The loss of teeth is no fun once you have reached adult age. As children, the departure of our milk teeth is a much sought after event, waiting for the tooth fairy to leave candies or perhaps an early allowance under our pillow; this once innocent exchange becomes a regular trauma once we are grown. The financial side flips upside down as well- not only do you no longer get paid, but tooth replacement can cost you quite a pretty penny!
Regular dental hygiene tactics, such as brushing twice a day, gargling with mouthwash, and flossing are all methods used to prevent plaque and tooth decay, and these routines also help in keeping the dreaded gingivitis at bay. Seeing a dentist at least once every six months for a regular check-up (which Forest and Ray offers free of charge to our existing customers) is very important, because it can be the key to keeping on top of the battle against tooth decay, which we know is the root cause of most expensive and painful dental problems. That is why a regular dental check-up is an indispensable preemptive dental care tactic.
If teeth are not cared for, excruciating pain is likely to follow, as toothache is truly one of the most heinous of all bodily ailments. If neglected oral hygiene reaches epic proportions or becomes chronic, if malnutrition or insufficient digestion exists, or genetics predispose bad teeth (such hereditary mechanisms do in fact exist), then soon enough tooth loss becomes inevitable; after the loss of one or two teeth the ailment of tooth loss will become an everyday worry.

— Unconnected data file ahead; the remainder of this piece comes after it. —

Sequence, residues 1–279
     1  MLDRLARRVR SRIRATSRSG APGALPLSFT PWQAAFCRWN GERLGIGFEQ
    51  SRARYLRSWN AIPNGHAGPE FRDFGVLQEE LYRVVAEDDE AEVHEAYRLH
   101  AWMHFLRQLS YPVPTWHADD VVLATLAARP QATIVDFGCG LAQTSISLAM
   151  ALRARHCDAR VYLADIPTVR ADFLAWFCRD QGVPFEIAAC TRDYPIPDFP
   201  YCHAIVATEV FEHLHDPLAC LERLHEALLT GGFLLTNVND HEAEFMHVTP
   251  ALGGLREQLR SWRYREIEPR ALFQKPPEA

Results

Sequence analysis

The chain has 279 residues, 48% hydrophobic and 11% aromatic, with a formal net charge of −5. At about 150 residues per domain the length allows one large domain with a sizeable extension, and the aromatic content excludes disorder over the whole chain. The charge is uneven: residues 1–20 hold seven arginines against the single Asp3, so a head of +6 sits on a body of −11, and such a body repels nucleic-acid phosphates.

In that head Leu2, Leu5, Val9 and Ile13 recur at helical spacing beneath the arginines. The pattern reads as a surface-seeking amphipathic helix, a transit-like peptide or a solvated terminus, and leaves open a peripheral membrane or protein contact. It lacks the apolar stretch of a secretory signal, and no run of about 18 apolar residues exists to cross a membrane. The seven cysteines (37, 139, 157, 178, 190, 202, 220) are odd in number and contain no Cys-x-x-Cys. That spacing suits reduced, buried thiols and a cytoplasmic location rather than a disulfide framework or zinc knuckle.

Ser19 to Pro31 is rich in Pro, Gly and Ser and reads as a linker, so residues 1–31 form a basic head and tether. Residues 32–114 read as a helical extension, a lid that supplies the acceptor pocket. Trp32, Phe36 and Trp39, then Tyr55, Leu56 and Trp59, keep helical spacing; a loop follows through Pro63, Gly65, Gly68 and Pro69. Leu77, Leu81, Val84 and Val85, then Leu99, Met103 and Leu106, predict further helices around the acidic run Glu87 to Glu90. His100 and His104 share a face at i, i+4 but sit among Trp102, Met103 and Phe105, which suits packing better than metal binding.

Even if the aesthetic shortcomings can be reconciled, there is still a social stigma associated with missing teeth. In a world where perfect smiles are all around us on billboards and in movies, a full, radiant smile is a powerful ally in everyday dealings. This is why those suffering from tooth loss may become stigmatized. Aside from this, missing teeth may create new, unexpected oral situations. Favorite foods may no longer be enjoyed with accustomed zest and vigor. The inner order of the mouth changes drastically - the wear and tear that used to be equally distributed will be shifted, which will in time affect jaw bones as well.
If our teeth fall out because of an infection, then the first step is to treat the infection itself. A tooth may be lost due to uncontrollable forces, and sometimes the tooth in question simply cannot be saved. Sometimes a tooth can be broken while performing physical labor or enjoying sports activities (such as chess). In all cases, a tooth replacement is the best course of action for overall dental health, as our jaw bone tends to weaken if it is not supporting a tooth.
Having a tooth replacement is not shameful! There are numerous high quality treatments to help you with replacing that tooth with prostheses; a complete reconstruction is also possible, meaning that your new smile will mimic that of your old one in terms of shape and general disposition, but may even be brighter and better!
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